Stephen King’s apocalyptic vision of a world blasted by plague and tangled in an elemental struggle between good and evil remains as riveting and eerily plausible as when it was first published.
A patient escapes from a biological testing facility, unknowingly carrying a deadly weapon: a mutated strain of super-flu that will wipe out 99 percent of the world’s population within a few weeks. Those who remain are scared, bewildered, and in need of a leader. Two emerge—Mother Abagail, the benevolent 108-year-old woman who urges them to build a peaceful community in Boulder, Colorado; and Randall Flagg, the nefarious “Dark Man,” who delights in chaos and violence. As the dark man and the peaceful woman gather power, the survivors will have to choose between them—and ultimately decide the fate of all humanity.
About the Author
Stephen King is the author of more than fifty books, all of them worldwide bestsellers. Among his most recent are 11/22/63; Full Dark, No Stars; Under the Dome; Just After Sunset; Duma Key; Lisey’s Story; Cell; and the concluding novels in the Dark Tower saga: Wolves of the Calla, Song of Susannah, and The Dark Tower. His acclaimed nonfiction book, On Writing, is also a bestseller. He was the recipient of the 2003 National Book Foundation Medal for Distinguished Contribution to American Letters, and in 2007, he received the Grand Master Award from the Mystery Writers of America. He lives in Maine with his wife, novelist Tabitha King.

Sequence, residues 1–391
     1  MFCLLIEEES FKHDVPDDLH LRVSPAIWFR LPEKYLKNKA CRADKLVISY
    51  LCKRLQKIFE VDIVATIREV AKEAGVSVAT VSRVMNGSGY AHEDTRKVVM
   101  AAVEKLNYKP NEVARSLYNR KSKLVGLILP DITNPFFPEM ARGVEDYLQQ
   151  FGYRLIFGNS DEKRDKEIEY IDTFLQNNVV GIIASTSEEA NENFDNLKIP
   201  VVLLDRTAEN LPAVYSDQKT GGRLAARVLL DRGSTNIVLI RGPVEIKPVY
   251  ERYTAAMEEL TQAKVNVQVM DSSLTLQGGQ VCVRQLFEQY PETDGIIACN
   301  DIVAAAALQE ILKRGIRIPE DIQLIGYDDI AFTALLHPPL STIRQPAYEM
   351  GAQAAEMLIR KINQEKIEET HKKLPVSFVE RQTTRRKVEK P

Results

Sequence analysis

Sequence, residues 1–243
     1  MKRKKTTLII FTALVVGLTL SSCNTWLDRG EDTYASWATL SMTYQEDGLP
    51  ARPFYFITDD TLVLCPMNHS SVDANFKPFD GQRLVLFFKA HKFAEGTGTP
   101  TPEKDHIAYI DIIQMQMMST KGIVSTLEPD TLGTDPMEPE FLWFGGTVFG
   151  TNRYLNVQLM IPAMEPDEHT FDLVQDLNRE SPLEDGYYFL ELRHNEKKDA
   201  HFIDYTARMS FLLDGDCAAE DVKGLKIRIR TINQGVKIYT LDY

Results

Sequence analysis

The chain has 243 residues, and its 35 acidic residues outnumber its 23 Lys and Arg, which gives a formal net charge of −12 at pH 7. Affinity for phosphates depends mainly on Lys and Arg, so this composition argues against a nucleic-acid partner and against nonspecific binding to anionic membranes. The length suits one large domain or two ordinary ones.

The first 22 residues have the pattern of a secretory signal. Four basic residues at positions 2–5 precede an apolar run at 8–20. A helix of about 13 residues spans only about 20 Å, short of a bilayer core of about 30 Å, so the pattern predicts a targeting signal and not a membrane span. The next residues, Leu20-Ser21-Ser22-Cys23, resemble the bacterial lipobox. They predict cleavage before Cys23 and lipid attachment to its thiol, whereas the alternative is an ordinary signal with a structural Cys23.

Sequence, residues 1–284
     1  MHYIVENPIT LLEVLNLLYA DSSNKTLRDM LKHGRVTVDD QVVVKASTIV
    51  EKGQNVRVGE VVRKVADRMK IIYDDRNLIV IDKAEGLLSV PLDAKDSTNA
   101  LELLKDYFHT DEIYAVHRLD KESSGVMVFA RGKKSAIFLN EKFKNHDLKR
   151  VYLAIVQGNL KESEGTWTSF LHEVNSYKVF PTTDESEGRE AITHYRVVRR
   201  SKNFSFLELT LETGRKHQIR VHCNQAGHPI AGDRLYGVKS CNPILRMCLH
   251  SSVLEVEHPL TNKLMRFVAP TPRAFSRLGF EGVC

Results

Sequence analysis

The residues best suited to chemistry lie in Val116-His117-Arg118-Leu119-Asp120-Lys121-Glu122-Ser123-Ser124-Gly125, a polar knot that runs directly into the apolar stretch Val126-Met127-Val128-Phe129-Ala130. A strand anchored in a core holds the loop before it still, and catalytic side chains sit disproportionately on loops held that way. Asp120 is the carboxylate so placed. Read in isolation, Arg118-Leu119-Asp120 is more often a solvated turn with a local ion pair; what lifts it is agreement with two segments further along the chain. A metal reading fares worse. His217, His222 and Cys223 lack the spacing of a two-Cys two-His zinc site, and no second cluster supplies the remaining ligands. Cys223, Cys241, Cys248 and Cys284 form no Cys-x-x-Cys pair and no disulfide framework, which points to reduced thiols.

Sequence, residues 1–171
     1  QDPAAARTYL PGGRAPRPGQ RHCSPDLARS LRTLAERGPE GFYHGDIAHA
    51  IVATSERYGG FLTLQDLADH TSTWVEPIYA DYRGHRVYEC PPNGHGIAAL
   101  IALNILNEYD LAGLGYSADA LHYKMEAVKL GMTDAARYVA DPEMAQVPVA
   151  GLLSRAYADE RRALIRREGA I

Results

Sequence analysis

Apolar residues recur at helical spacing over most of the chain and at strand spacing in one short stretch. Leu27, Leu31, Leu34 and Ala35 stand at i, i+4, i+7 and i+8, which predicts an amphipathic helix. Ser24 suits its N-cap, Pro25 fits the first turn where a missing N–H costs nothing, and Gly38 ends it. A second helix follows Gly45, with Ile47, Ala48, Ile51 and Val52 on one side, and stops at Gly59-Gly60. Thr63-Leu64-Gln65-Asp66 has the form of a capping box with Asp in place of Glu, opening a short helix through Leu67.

Praise for The Stand…
"A master storyteller."
--Los Angeles Times
"[The Stand] has everything. Adventure. Roman. Prophecy. Allegory. Satire. Fantasy. Realism. Apocalypse. Great!"
--The New York Times Book Review
"As brilliant a dark dream as has ever been dreamed in this century."
--Palm Beach Post
“An undisputed master of suspense and terror.”
—The Washington Post
“King is one of the most powerful storytellers we have. His work satisfies on first reading and is even better the second time around.”
“Crackling . . . with explosive climaxes.”
—The Boston Globe
“[For] those who like their horror on a humongous scale.”
—Los Angeles Times
—The Observer (London)